In a separate report, the Fed said outstanding balances of consumer borrowing, which includes car and credit-card loans among other forms of installment debt, fell $4 billion overall, or by an annual rate of 2.75%, to $1.722 trillion in December.
The last time Americans cut their debt at a faster annual pace was in April 1992, when consumer credit declined by 3%, the Fed said. In dollar terms, the drop was the biggest since a $5.825 billion slide in December 1990.
Economists were way off. They had predicted credit would increase by $4.3 billion in December, according to a survey by Thomson Global Markets.
Tallies for borrowing in November were revised sharply to a slide of only $100 million, compared with initial estimates of a $2.2 billion drop. Monthly credit data tend to be highly volatile and are frequently revised.
Still, the drops in November and December mark the first back-to-back declines in consumer credit since May and June of 1992, when the economy was still shaking off the effects of recession, the Fed said.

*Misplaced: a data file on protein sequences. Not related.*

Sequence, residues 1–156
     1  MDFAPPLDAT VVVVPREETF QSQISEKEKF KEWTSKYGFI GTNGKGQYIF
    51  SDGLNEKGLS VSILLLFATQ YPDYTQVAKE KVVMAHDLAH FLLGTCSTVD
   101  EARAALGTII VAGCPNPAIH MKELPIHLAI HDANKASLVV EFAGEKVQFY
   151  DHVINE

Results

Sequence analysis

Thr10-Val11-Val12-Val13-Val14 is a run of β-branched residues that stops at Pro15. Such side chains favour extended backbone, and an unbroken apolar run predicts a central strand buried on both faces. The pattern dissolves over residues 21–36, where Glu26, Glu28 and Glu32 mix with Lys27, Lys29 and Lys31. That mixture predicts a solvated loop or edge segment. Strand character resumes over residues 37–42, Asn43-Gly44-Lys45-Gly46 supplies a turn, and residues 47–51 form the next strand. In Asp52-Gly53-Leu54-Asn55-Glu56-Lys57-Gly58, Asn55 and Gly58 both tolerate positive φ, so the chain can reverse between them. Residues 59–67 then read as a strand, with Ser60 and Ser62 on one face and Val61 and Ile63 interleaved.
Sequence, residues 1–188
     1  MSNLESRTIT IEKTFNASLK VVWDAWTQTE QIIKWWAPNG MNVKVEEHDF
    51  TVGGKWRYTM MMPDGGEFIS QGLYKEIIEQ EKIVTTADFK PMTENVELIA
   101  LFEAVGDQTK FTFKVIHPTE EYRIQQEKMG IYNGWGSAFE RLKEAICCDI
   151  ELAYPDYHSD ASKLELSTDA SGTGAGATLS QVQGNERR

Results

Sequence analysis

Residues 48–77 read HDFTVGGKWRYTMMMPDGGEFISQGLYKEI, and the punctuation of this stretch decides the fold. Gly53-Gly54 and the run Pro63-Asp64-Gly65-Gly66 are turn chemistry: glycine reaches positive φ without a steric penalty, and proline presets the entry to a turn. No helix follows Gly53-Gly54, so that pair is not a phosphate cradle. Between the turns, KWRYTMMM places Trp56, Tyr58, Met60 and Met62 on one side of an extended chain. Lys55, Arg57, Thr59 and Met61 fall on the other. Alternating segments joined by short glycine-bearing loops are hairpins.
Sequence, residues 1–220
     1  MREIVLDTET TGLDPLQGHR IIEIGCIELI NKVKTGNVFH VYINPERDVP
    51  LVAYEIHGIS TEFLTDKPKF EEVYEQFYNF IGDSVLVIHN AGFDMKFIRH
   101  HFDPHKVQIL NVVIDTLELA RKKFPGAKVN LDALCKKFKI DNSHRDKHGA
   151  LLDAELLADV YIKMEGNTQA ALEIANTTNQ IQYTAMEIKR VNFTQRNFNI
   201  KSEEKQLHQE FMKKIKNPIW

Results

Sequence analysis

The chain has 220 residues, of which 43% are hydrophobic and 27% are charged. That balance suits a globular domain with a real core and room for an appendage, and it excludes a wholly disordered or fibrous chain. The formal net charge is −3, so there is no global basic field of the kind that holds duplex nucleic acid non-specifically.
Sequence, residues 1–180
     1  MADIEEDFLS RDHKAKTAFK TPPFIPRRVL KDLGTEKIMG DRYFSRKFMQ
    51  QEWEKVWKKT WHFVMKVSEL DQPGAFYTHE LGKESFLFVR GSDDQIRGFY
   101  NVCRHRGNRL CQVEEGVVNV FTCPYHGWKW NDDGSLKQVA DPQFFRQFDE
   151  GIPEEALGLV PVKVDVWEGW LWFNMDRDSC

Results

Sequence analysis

The big drop in December came from revolving credit, such as credit cards. That type of outstanding borrowing shrank by $8.4 billion, or a 14% annual rate -- its fastest decline since December 1975.
Nonrevolving credit, such as loans for cars, education and vacations, actually climbed in December by $4.4 billion.
For all of 2002, consumer-credit outstanding rose by 3.3%, the smallest increase since 1992. It was down at a 0.1% annual pace in the third quarter. In annualized terms, consumer credit fell at a 2.8% rate in December.
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25% annually 70% in 5 years.
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